Taken together, this seems to be a story entirely about race. And in a way, it is that, of course. The history of American policing has been that of systemic abuse against people of color. If people like me are just beginning to see America as a police state, where the police act as an occupying force, that’s been the reality for Black people for centuries.

But even though I argued the police state reality in that link above, I sort of want to walk that back a bit. And here I want to tread carefully, since I do not mean to even sort of imply equivalence. I don’t think that the police treat Blacks, Latinos, and others as an occupied people, as I said. I think they see white people as the occupied people.

This is what I meant above by “warlordism”. Warlords (an inelegant and usually racialized term, but we’ll reclaim it for white folks) have territory that they control. Even if they see themselves as defending their people, they do so from a position of unquestioned power. They brook no dissent. They control any petty local politicians, who usually are allowed to operate under very constrained circumstances, and never allowed to interfere. They operate with impunity. And while the people in that territory aren’t under the gun, and indeed can live very well if they agree to the system (which, why wouldn’t we?), there is the knowledge that the warlord and their men can fuck you up at any time.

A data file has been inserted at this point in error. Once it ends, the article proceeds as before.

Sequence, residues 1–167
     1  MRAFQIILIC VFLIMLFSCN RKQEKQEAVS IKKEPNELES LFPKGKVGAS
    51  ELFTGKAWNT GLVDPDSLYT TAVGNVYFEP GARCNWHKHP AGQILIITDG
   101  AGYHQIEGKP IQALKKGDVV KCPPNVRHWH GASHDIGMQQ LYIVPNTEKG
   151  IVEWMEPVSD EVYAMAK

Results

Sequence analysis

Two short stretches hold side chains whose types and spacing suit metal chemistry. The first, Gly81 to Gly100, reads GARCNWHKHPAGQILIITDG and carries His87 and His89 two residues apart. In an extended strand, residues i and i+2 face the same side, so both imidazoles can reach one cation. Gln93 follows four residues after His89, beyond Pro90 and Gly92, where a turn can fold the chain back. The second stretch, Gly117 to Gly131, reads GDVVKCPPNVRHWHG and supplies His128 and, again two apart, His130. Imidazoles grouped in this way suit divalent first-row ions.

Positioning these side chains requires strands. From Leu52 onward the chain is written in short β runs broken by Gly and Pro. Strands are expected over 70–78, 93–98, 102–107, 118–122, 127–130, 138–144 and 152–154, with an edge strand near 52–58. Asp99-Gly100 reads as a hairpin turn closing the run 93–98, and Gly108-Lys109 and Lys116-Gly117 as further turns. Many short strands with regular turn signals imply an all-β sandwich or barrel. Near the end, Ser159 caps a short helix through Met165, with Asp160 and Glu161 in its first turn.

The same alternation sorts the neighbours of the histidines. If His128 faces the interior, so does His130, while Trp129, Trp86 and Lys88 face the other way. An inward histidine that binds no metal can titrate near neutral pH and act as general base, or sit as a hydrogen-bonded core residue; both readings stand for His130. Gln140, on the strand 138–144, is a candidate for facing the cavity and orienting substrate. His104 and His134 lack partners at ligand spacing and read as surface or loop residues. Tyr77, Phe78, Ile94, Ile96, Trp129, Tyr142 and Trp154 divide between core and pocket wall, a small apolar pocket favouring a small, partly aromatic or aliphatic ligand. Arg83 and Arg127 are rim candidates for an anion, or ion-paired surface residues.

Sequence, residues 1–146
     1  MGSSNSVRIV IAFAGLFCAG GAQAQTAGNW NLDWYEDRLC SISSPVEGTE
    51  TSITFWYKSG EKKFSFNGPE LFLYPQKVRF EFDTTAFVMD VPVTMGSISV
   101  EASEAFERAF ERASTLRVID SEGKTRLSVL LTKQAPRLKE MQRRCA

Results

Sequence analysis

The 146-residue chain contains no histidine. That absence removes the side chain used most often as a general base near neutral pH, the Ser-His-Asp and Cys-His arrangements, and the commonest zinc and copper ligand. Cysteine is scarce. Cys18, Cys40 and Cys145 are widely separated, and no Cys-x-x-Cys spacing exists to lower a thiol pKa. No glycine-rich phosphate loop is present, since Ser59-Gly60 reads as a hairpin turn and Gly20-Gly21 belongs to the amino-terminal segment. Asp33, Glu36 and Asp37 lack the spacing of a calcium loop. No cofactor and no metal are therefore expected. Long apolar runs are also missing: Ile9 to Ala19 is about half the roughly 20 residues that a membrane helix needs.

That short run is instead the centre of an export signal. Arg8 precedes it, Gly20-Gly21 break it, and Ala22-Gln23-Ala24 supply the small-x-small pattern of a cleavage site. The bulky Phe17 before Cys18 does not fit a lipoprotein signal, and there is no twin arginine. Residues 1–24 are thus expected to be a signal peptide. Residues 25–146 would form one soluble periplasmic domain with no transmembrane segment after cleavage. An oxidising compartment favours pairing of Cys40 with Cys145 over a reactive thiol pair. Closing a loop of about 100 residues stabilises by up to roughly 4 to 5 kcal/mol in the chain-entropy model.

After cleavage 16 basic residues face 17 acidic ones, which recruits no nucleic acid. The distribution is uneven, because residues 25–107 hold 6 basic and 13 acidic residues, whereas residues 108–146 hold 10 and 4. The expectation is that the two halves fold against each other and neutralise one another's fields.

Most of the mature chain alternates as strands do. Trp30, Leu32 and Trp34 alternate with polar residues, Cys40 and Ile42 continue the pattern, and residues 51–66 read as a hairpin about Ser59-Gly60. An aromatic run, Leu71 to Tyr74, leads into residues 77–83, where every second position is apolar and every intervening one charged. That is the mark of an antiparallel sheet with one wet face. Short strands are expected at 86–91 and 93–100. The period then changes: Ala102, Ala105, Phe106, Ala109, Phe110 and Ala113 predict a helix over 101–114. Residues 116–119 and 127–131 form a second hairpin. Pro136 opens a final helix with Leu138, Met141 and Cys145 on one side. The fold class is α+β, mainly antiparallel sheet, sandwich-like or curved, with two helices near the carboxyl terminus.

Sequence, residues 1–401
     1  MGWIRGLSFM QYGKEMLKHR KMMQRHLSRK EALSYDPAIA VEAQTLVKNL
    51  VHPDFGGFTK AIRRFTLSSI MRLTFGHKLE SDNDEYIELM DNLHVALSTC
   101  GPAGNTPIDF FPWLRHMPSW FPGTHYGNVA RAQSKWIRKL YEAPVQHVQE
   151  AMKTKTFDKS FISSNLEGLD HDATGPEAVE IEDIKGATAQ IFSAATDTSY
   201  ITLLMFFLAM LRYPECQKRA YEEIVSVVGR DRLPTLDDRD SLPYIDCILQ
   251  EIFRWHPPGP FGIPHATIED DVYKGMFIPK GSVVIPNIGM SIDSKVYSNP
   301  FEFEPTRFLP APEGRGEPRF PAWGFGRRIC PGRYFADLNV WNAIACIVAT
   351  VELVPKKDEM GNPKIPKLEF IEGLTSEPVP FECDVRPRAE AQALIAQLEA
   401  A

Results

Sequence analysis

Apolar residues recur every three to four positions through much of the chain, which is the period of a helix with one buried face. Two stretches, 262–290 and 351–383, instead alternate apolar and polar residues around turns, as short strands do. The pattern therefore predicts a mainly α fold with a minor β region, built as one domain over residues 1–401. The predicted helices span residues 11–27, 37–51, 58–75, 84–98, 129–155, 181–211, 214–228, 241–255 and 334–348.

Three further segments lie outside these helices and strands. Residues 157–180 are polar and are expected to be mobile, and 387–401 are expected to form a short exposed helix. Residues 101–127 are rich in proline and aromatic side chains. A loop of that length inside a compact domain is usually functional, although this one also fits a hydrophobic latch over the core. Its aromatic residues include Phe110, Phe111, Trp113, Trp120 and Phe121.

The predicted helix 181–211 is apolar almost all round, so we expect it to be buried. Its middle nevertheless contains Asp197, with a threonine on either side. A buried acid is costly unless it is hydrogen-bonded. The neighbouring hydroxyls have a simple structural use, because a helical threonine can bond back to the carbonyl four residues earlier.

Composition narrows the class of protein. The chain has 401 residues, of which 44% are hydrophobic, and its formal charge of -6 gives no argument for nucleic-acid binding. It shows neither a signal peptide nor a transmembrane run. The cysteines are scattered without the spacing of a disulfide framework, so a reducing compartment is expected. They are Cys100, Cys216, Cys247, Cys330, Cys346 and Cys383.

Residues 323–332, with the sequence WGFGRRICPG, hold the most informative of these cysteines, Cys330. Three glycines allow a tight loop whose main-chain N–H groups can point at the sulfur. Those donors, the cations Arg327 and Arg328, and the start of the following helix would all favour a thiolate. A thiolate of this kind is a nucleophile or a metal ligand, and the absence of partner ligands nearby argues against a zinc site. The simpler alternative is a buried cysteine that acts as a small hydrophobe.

I can get away with a lot as a middle-aged, middle-class white guy, but if a cop feeling his oats told me to jump, I might not have to ask how high, but I damn sure couldn’t stay planted.

So where does that leave the primary targets of police violence? As the people outside the warlord territory. Here I admit the idea is complicated, since we aren’t talking about physical territory. It’s mental territory. It’s the idea that the fiefdom belongs to a few, for the complicit comfort of the many, and paid for with the lives of others.

This is literal, in the sense that so many police departments get their funding from traffic tickets, and those are usually targeted at the poor and people of color, who have to comply or face a beating or killing (this was probably the case with Wright). This was the case with Ferguson, whose revenue came disproportionately from fines and fees levied against its black citizens, which led the DOJ to call the police department a “collections agency“.